The carps. Bullfrogs. Mosquitoes. Herbs. Diatoms. What do these representatives of flora and fauna have in common? All these are invasive species. An invasive species is not just an animal or plant that has spread to a new territory. An invasive species is one that threatens the well-being or the survival of native species and the environment as a whole.
Climate change affects the spread of invasive species through their response to 3 factors.
The first is the physiology of species. In the case of plants, these are requirements for temperature, humidity, sunlight and the number of days for the flowering or ripening of the fruit. These factors are called abiotic. How does the climate influence abiotic factors? As a rule, species react to climate change by moving to the North or South Poles, away from the equator, or to the mountains. The second way to respond to warming or cold snap is the shift in the timing of flowering, budding, and fruit ripening.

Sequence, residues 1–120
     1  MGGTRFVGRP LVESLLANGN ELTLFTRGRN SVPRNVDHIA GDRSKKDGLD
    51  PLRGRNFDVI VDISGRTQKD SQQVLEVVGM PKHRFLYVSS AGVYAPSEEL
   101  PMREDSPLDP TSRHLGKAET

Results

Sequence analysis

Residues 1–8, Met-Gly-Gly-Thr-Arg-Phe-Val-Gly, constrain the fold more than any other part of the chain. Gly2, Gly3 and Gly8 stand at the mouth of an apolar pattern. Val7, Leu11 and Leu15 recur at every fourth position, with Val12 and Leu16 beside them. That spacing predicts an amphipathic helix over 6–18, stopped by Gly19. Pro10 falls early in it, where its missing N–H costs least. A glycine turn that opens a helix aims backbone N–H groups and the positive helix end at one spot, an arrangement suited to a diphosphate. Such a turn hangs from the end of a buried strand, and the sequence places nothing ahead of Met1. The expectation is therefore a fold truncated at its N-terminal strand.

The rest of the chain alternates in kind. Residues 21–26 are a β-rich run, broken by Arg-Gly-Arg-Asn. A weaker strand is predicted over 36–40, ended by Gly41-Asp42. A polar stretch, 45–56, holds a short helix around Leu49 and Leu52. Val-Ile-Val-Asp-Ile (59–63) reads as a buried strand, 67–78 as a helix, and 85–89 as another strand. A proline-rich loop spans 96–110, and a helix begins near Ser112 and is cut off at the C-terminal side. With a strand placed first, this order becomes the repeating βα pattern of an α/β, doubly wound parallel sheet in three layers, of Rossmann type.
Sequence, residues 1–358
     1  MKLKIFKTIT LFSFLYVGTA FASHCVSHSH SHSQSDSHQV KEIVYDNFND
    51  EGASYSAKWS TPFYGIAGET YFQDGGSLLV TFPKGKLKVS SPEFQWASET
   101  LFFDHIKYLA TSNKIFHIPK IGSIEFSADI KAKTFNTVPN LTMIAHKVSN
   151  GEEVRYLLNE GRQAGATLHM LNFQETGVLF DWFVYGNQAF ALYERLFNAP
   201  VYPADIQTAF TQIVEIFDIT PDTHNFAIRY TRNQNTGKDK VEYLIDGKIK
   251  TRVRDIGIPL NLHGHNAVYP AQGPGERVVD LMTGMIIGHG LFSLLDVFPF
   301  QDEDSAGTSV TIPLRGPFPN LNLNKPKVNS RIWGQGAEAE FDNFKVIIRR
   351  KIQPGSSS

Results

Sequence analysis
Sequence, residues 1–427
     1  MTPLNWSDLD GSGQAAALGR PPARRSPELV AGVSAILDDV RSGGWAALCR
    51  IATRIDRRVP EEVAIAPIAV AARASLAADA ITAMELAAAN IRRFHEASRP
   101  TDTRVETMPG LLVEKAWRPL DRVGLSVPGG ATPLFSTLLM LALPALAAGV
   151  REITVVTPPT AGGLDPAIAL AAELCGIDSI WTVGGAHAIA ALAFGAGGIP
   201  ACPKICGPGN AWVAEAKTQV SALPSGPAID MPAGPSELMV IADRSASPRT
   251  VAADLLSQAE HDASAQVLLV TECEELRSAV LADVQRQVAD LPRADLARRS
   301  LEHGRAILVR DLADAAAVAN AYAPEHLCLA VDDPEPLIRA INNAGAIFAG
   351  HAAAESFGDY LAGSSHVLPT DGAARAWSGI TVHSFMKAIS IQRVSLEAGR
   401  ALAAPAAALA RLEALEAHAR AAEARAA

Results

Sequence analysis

The second type of factors is biotic. In this case, the health of species depends on the absence or presence of a particular pathogen, parasite or any other living being that changes the habitat of a plant or animal. For example, a long and frosty winter kills some of the larvae of some harmful insects. If the winter is warm and the pests survive, the trees suffer from the bark of which they feed.
The third factor is access. For example, in 1300 dandelions could be found only in Asia. But the development of travel has allowed dandelions to spread almost all over the world, except Antarctica, along with people. The oceans were no longer a barrier to them.
Scientists at the University of Kansas (USA) have developed a computer model called “Layfmepper.” Simulation shows how species on the planet will propagate under different climate scenarios. This helps researchers understand under what conditions and what kind of capture a certain territory, and what to do in this case.